Spectacular views and creative architecture: there is no lack of breathtaking houses in Québec. While they are all different, these houses have one thing in common: they are all in harmony with their natural surroundings. Below are eight of these dream homes.
Îles-de-la-Madeleine: the house with a view
Located between the water and the cliffs, this house offers the most breathtaking views imaginable. You are sure to fall in love with its open-air concept and all the windows through which you can thoroughly enjoy the landscape. The cedar-shingled exterior that turns a different shade of grey depending on the season and the way the wind is blowing reminds us of houses on the Eastern Seaboard.
As you like it: the tiny house
The concept is bold. How can two, three or four people live in a house with tiny proportions? That is exactly the challenge the Québec-based Ilo Mini Maison company had in mind when it began creating homes that would minimize our environmental footprint, while providing a range of installation options for blending those homes into their surroundings. Everything is optimized to accommodate occupants’ modern-life activities in a space of 300 to 600 square feet.2
Eastern Townships: Fahouse
In perfect harmony with its natural surroundings, the Fahouse is a unique modern concept. Designed by architect Jean Verville, , this construction draws attention to the materials from which it is built rather than its furnishings and decor.
Île-Perrot: the mid-century home
Similar to a time capsule, this house pays homage to the mid-century modern style that has been made iconic by a range of Scandinavian furniture by renowned designers including Eero Saarinen, Hans Wegner, Arne Jacobsen, Borge Morgensen and Josef Frank. With its restrained architecture, eponymous of the period’s style, this Île-Perrot home has large windows left bare to let in as much natural light as possible. Read this blog to learn more about the Scandinavian style.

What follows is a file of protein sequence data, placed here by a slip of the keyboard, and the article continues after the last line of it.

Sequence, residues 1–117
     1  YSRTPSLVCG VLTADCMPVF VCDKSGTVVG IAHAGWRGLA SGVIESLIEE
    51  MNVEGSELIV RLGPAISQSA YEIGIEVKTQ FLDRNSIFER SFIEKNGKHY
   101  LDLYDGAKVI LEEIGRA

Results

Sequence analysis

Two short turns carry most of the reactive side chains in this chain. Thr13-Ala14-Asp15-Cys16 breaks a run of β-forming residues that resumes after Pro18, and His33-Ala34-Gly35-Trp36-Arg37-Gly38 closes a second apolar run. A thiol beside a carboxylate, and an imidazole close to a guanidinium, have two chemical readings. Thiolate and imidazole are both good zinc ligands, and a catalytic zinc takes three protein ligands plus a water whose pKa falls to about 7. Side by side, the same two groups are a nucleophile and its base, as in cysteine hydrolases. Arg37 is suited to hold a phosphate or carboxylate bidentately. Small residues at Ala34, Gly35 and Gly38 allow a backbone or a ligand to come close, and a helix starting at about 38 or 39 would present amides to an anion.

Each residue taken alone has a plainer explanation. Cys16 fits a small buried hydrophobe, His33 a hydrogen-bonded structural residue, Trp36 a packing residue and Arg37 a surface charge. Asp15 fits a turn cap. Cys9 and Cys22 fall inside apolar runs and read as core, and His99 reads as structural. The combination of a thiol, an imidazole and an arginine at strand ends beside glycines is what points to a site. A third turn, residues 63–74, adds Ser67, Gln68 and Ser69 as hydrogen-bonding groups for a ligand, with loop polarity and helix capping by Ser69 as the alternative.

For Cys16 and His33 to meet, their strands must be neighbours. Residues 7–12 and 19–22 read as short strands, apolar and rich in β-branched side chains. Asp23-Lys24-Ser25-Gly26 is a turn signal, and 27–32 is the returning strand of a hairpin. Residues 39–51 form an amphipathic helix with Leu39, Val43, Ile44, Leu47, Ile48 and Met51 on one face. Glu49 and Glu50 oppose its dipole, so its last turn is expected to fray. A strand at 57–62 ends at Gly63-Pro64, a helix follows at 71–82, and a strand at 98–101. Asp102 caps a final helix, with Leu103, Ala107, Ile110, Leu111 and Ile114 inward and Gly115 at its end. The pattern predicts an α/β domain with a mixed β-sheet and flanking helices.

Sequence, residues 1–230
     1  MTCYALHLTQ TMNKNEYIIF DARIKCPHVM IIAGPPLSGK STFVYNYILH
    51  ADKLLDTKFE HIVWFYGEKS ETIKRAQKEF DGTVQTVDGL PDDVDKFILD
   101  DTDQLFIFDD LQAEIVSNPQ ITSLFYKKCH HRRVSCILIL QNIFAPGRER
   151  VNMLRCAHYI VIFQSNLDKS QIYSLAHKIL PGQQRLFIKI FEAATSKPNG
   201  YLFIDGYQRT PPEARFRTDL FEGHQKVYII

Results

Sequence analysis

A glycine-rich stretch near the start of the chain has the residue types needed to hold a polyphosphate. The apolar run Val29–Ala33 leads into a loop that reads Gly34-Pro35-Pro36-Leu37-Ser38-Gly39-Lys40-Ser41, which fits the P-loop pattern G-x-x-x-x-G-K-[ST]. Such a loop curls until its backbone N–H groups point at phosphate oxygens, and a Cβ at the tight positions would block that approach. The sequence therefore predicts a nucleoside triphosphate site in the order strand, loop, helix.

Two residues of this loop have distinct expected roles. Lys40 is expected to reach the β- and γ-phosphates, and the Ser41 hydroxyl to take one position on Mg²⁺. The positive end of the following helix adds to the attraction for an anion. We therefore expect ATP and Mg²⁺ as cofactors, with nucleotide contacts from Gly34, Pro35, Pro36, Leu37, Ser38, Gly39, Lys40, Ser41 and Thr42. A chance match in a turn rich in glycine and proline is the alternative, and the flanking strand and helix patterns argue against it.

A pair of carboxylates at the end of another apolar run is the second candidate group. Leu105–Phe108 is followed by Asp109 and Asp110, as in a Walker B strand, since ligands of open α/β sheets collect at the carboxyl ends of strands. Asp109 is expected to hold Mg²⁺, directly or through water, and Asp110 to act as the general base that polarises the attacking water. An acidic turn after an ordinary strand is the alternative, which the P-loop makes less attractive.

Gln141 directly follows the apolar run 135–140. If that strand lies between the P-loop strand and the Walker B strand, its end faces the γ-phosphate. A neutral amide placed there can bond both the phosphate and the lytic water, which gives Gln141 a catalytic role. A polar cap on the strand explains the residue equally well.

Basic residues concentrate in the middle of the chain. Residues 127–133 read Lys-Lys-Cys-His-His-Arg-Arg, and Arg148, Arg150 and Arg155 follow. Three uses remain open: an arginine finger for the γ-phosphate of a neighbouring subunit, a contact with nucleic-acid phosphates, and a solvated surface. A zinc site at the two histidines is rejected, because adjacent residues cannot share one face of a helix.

Laurentians: the Chic Shack
These mini lofts are both urban and in perfect harmony with nature, and they are selling like hot cakes! Minutes from Mont-Tremblant on a private estate in La Conception, Chic Shacks please nature enthusiasts and avid skiers alike. Designed in collaboration with Bonneville Industries, the architecture and selection of building materials blend perfectly with natural surroundings to preserve the visual and ecological harmony of this project, whose distinguishing feature is the posts the lofts are built on to minimize their environmental footprint.
La Malbaie: La Charbonnière
La Charbonnière combines modern architecture with rustic finishes. Its organic materials, taken directly from nature, and its soothing shades bring a clean country charm to this unique home. With the St. Lawrence River as its backdrop, the entire house—including the Finnish sauna—is angled to make the most of the view.
Wentworth-Nord: La Heronnière
Alain Carle has created a house that defies nature. The architect created a building on a very steep slope in such a way that its linear horizontal plane counteracts the neighbouring slope. The lower level contains living spaces with warm and mineral decors and textures.
Magog: the California-style house
Located in Magog, this prestigious, California-style house is truly amazing. With two ocean-blue pools as its main focal point – one of which even extends into the living room area – this otherwise contemporary house is given a tropical look by yellow and orange accents.
We have to stop here, although we could have put many other homes on our list. This is definitely a subject we need to return to soon, so we can go on dreaming.
Passionate about colour, vintage decorative elements and hand-made items, Vanessa Sicotte celebrates décor in all its splendour. Vanessa is the mastermind behind the Damask & Dentelle blog—and author of a book in the same name—where she has been sharing her favourite décor discoveries since 2009. She is also the host of Sauvez les meubles and Marché Conclu on Canal Vie. Since fall 2015, viewers can reap Vanessa’s valuable advice by watching the Marina Orsini show on ICI Radio-Canada Télé, where she is featured as décor commentator.